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About totty79

  • Rank
    Advanced Member
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  • Bike
    Beta evo 250

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  • Location
    North East England
  • Gender
  1. Really hard to advise without seeing and ideally feeling them, if after de-burring a finger nail still snags then they will need filling as well - that's assuming they aren't so bad that they need to be plated and ground. Something soft like nail polish is quick and easy for small scratches. Metal filled epoxy like JB weld is long lasting, but you can do a lot of damage to the surrounding area trying to get it smooth - if you sand too early while it's soft it grains, if you do it fully cured it's really tough.
  2. Beta UK will know how they differ as they'll probably also stock seal kits for both.
  3. Thanks for the info on the 2017. I'll try the galfer pads since I've already got them, if it's still not great I'll fit a 2017 master cylinder. My pedal doesn't hit the frame, and as far as I'm aware there is no fault, all evo rear brakes I've tried have been equally poor. I know the range of travel available is limited as I've checked it when looking for ways to modify it.
  4. Just had a quick search for 2017 master cylinders, couldn't find the bore, still the same make but the outer casting is different. It's still 40mm between hole centers and I haven't seen different brake pedals listed so it should be interchangeable. There isn't much room for brake pedal travel before it hits the frame so I doubt they could reduce the bore by much. If anyone with a 2017 bike could confirm that it makes much difference I might upgrade.
  5. I've ridden 3 evos and all rear brakes were weak. On my 2012 the only thing that makes it work consistently without needing loads of force is managing the temperature, draging it before it's needed to warm it up, but not over doing it and overheating it. That's with a new Inch perfect trials own make disk, s33 pads, new fluid. (Got Galfer pads to try next) The heat and water trick works but only for 30 min for me.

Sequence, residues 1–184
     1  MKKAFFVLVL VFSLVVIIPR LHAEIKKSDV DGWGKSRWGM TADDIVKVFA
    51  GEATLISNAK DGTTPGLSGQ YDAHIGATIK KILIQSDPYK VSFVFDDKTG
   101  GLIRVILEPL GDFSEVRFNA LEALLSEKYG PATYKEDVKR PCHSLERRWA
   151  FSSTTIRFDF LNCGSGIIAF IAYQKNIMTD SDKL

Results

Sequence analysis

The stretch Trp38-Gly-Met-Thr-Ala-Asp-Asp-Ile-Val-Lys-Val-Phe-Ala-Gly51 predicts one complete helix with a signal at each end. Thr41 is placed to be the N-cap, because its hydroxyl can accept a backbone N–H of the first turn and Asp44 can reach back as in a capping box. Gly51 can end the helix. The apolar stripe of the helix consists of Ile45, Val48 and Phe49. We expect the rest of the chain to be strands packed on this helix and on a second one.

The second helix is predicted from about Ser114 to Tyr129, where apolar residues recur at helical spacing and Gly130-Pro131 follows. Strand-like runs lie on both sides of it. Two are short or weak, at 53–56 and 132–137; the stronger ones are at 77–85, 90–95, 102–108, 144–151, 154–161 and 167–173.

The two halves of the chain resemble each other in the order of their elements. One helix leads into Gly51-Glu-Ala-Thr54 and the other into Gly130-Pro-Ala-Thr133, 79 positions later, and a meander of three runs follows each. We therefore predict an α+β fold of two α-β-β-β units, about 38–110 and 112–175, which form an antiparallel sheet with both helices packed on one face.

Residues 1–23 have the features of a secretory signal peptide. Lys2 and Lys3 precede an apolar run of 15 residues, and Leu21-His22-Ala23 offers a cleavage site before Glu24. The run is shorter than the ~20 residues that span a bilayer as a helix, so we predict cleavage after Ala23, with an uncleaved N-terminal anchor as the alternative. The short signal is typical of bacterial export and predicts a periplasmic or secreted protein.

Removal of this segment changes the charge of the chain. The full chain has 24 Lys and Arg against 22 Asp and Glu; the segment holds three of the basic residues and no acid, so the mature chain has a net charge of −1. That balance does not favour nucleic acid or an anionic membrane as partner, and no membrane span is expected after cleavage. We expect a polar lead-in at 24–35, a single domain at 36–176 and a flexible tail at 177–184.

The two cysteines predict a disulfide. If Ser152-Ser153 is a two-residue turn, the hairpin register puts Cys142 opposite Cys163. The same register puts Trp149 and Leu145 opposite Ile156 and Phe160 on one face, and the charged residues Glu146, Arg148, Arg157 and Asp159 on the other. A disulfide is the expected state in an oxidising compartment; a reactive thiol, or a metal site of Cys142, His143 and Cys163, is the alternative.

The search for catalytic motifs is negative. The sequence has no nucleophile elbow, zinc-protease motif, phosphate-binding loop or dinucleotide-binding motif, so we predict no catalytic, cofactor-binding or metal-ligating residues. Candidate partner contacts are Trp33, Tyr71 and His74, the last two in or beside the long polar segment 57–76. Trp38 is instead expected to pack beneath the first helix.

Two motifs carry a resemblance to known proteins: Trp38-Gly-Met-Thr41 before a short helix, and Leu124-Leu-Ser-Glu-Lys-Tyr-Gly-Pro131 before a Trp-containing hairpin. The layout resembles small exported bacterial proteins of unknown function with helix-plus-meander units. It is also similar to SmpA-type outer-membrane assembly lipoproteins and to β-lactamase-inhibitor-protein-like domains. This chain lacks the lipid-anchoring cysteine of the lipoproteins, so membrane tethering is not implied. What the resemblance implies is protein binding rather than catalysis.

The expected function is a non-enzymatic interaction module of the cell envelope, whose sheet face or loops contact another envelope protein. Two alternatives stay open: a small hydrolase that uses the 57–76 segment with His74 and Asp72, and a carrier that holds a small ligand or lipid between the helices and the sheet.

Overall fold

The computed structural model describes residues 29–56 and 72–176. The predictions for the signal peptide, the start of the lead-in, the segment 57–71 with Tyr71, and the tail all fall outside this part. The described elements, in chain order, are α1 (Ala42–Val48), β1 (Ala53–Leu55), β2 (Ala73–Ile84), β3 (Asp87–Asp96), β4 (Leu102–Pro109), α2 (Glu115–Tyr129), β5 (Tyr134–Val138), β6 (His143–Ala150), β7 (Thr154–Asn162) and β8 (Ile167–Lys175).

6. Measure the diameter (I've forgot it) and stick an M in front of it in a search. You'll find them cheaper that way than looking for number plate bolts. E.g. M6 plastic bolts.
  7. Betas whine, try listening to a few videos and see if they sound the same as yours.
  8. The clutch steel plates may have some light corrosion, if that's the cause it'll clear with use.
  9. Plastic bolts are the way to go, a couple of quid for a bag of 50. Best to also trim the bit of the guard that hooks under the frame so it doesn't snap off, you can get away without this bit but it helps keep muck away from the air filter.
  10. What you're describing is very subjective and could just be the flywheel weight (however it would be 100% consistent), or it could be the range of other issues that have been suggested. If it is consistent then I'd try to compare it to another 250 evo before changing anything.
  11. After the terrible initial depreciation they can stay in the 1200 to 2000 range for many years. Best not to spend too much more unless you really like shiny things.
  12. I'd change that order. You'll need tight turns and double blip long before you'd need to hop either end. Also static balancing can be good training, but most trials are no stop.
  13. Try MSM for insurance, they are one of the few where competition usage doesn't void it. I think they need a garage and a thatcham approved security device, typically chain and ground anchor. There are loads of which bike/what CC threads on here. It all boils down to personal preference, but lot's of people are of the opinion that a 125 can do everything a novice needs even for fairly large riders. Beta evo/rev 200 seems to be the most recommended. I wouldn't be too fussy about model/capacity, better to focus on mechanical condition.
  14. Be certain groove is clean, rotate boot several times to help it seat correctly before using lever.
  15. Characteristics may be more important than outright power, 125s are lively but manageable as peak power is low - it's a serious competition bike for junior riders (high compression light flywheel), 250 is comparatively lazy but still has a lot more power than a 125 - it's a detuned bike made to be controllable by the average person despite the larger capacity (lowest compression of the range, weighted flywheel). I've never ridden a 200 but those who have rave about them, I couldn't find a used one so bought a 250. 300 super smooth could also be an option. Sorry that probably doesn't help since I've recommended all of the 2T range apart from the normal 300. I've hared the 250 4T is very novice friendly but I've never ridden one.